Making it a matter of “national pride,” China trained armies of teachers; set up rewards for local administrators to meet targets, and empowered regional governments to get the desired results.
Reverting to India he said there was no need to lose heart. India has made progress on literacy, which was only 12 per cent when the British left in 1947 and three per cent at the end of the 19th century.
Ravindran said that in much of the developing world, including India, the work of literacy begins with water, sanitation and health, and clearance of obstacles that come in the way of the child being in school. In this context, he recalled his visit to the Him Jyoti School put up in Dehradun by PRID Sudarshan Agarwal, where 267 girls — the daughters of “dhobis, ayahs, farm labourers, book-binders and rickshaw-pullers” get excellent quality education.
“Here, the girls are taught in English, even though most of them come with no English at all.
So they must learn it. And they do learn it, along with Maths, Hindi, history, dance, drama — everything at the most demanding level.” During his visit, they enacted a skit from Shakespeare’s The Merchant of Venice and he was bowled over by its “beautiful presentation. These girls are equipped now, to go out into the world; Him Jyoti has graduates studying at Lady Shri Ram College, IP College and the Government College for Girls at Chandigarh. All of their graduates go on to higher education.”
The RI President said this could not be dismissed as a “handful of girls” getting such a benefit, because “these girls are moving beyond the expectations laid out for them by generations, by centuries of poverty.” Expectations that put the circumstances of one’s birth over her abilities. “Him Jyoti turns that on its head; says no, you will not be limited by poverty, by caste, by the fact that you are a girl. If you have the brains and the motivation, you can succeed.”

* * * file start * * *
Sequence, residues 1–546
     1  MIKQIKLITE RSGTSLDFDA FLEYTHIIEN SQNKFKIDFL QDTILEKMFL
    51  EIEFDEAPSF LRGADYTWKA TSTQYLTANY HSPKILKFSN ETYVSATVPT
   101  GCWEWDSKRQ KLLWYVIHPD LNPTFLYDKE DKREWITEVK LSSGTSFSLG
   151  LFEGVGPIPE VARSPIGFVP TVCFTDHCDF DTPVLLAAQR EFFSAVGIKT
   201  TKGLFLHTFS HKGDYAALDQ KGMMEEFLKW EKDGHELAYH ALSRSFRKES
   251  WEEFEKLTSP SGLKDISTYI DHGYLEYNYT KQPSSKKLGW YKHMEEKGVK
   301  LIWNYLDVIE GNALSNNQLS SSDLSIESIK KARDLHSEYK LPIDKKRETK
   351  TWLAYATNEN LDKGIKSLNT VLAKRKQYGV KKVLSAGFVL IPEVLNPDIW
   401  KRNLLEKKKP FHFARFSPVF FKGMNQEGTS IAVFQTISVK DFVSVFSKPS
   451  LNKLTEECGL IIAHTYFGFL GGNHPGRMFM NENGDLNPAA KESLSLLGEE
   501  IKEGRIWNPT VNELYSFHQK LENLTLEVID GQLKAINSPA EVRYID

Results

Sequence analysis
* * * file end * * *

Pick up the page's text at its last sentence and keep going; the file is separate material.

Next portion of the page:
This was the exact goal that Rotary was striving for through WASH in Schools, and the opportunities provided were “helping families break free of illiteracy, poverty and the cycle that traps so many for generations. Remember that every school that is being equipped with sanitation; every school that is being brought up to standard; every one that gains the infrastructure to support girls in their education, is setting a generation free.”
Prime Minister Narendra Modi’s Swachh Bharat Abhiyan required commitment from individuals who know the local challenges and obstacles and how to overcome them. What was required to eradicate illiteracy from India was the same “spirit which allowed us to conquer polio.” Ravindran recalled that when he was a TRF Trustee, not many years ago, some of his fellow Trustees were skeptical about India conquering polio. “They talked about the terrain, the remote areas, the mobile populations and the poverty. They talked about the birth rates, the number of children born each week in UP alone. They shook their heads and wondered if perhaps India had taken something on that was simply beyond her.”
And finally, they said Rotary would get there eventually, but India would be the last country with polio. “India proved them wrong. You proved them wrong. With creativity, ingenuity, dedication and resilience — you proved that you knew your capabilities, and your country, better than anyone else.”
Now at this moment “India needs sanitation, literacy, ingenuity, resourcefulness, dedication and expertise … it needs, again, what Rotary can provide.” And when Rotary does meet these challenges for building a better, healthier and more prosperous India, “it will be one of your eternal gifts to India,” concluded Ravindran.
Pictures by Rasheeda Bhagat